Perception---you have that power.

There is purpose in design. There is information in a setting. There is truth in your environment. Fake or real, it's there.

All images are copyrighted by Heidi Hoffer unless otherwise indicated. Your courtesy in using my photographs must include crediting me as the photographer. You must tell me when and where you've used them and send the link to me showing your use of them.

Monday, February 1, 2010

Doors: The Shutter Part

Doors for the positive-minded open into other places, some of which are desirable and some of which are not. For the negative-minded, however, they are closures, barriers - preventative structures imposed on the freedom of the individual. Designers are very careful about their doors. Doorways will be in another post!

Door Inventory
Photo by Andrew Fox

AutoCAD Door
By Heidi Hoffer

A collection of doors by themselves, all lined up like books on a shelf as part of a theatre’s inventory seems lifeless and undemanding. Most doors are even missing knobs because those are another design choice to be made. When drafted in AutoCAD or Vectorworks, doors look very clinical and have no personality. (Plates of hand drafting have the draftsperson’s personality but the door still has no personality.)

A designer has an image in his/her head, usually in 3 dimensions, about the door. You consider how tall, how wide, how many hinges, whether or not it is wood or metal and so on. You take in to consideration whether or not both sides of the doors are seen. You consider the swing arc of the door and whether or not the door is slammed once or repeatedly. You consider the door in relation to the actual materials of the walls (which can be cloth covered or hard covered) to decide if the door needs to be a dependent or independent unit, or if it is painted or glued onto the walls.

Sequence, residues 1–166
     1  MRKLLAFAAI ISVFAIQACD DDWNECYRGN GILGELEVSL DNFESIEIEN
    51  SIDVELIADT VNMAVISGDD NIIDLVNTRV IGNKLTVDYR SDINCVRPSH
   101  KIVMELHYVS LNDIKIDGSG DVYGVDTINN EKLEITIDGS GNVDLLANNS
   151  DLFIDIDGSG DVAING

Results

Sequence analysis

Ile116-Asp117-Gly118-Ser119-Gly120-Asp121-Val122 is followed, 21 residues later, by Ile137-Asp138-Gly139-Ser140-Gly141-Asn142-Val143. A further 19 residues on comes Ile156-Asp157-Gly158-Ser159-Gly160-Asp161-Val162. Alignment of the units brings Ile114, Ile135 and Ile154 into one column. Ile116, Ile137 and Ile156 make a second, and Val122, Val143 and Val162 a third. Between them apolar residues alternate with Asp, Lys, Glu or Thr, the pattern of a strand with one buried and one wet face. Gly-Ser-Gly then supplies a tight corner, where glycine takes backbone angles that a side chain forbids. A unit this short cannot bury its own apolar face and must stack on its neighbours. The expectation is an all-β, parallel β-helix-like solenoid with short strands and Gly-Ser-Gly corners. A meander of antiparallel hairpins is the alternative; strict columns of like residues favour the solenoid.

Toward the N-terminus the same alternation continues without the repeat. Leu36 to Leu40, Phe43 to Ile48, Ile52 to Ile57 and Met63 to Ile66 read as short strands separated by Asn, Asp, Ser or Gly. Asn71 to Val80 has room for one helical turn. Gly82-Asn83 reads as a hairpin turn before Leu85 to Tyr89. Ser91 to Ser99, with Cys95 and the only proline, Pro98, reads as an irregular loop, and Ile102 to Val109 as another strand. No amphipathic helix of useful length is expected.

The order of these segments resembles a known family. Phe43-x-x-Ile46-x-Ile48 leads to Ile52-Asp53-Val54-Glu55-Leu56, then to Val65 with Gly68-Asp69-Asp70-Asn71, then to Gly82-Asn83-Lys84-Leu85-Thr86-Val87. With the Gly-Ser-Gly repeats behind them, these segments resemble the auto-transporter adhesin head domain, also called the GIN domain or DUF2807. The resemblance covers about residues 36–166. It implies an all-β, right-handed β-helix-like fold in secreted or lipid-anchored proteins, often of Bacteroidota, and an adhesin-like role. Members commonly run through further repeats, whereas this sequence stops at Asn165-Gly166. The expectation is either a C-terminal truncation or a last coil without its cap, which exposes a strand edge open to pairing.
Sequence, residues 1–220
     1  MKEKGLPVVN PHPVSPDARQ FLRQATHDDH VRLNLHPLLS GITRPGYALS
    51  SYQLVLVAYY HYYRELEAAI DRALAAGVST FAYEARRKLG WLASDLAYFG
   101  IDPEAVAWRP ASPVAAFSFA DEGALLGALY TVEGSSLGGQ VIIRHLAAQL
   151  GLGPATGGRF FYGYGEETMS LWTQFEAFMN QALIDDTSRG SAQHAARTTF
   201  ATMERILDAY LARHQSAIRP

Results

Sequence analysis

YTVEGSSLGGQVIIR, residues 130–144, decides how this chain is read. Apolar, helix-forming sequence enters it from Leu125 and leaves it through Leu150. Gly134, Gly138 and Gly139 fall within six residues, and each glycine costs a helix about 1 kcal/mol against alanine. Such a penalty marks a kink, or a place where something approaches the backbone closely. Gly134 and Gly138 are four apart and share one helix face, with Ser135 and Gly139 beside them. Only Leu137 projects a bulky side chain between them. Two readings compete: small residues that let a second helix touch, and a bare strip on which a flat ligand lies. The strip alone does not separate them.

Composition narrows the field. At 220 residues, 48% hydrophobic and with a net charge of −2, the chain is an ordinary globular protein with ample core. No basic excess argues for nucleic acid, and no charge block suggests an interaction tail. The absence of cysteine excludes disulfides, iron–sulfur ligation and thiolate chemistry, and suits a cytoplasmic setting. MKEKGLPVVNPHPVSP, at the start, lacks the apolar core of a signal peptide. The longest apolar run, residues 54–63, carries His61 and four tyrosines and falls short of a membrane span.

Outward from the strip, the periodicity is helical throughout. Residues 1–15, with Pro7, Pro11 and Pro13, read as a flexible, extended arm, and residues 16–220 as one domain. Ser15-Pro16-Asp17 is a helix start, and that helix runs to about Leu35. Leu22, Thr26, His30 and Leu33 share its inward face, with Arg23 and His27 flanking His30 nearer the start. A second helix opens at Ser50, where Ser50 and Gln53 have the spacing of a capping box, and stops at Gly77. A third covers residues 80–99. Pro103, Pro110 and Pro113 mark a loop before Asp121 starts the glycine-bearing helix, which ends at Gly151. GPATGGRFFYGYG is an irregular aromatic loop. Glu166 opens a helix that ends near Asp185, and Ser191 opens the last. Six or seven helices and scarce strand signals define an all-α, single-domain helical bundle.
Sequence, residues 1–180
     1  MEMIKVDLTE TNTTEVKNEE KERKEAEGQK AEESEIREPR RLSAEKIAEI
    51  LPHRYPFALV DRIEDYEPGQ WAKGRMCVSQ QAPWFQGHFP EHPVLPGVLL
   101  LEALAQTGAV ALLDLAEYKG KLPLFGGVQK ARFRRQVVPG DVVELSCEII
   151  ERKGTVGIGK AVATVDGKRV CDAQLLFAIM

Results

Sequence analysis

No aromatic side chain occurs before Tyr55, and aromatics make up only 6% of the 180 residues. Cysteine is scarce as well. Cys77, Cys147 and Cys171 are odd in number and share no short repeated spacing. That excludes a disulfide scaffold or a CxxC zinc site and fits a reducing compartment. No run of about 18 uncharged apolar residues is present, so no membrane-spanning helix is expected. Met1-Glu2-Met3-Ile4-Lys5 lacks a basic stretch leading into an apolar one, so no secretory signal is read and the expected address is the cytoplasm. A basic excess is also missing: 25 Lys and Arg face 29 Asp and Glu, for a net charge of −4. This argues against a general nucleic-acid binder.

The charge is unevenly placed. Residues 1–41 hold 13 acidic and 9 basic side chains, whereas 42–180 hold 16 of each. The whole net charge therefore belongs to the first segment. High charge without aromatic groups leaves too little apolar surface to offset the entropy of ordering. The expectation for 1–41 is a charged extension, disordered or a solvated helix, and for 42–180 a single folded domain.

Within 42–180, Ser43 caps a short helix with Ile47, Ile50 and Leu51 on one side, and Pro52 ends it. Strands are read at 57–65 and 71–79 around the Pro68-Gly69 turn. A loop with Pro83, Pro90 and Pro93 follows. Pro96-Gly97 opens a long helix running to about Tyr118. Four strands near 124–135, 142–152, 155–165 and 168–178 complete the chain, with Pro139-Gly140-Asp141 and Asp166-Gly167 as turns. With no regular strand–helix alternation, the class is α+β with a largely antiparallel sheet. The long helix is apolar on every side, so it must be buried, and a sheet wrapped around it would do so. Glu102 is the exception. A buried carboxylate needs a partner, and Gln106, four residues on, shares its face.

Pencil Sketch of Door for "Moon Over Buffalo" by Heidi Hoffer

Painter's Elevation of Door for "Moliere" by Heidi Hoffer

A pencil sketch of a door starts to have some personality. The door is sketched with a purpose in mind for a particular play for a particular manner of use. The styles of the sketch and the things on or surrounding the door start to tell us more about the door by context.

When painter’s elevations are made of the door, color is dictated along with shadows, decay, age, dirt, and texture. This is different than a portion of a set sketch involving the door because surrounding props and furniture are removed so you look at just the door and its wall.

Throughout all of this, we keep in mind the reason the door is there. It leads somewhere. It opens from somewhere. Doors onstage typically frame entrance and exit lines and action. Doors invite. You wonder, don’t you, what’s beyond that door?
It is in their use where you learn a door’s purpose.

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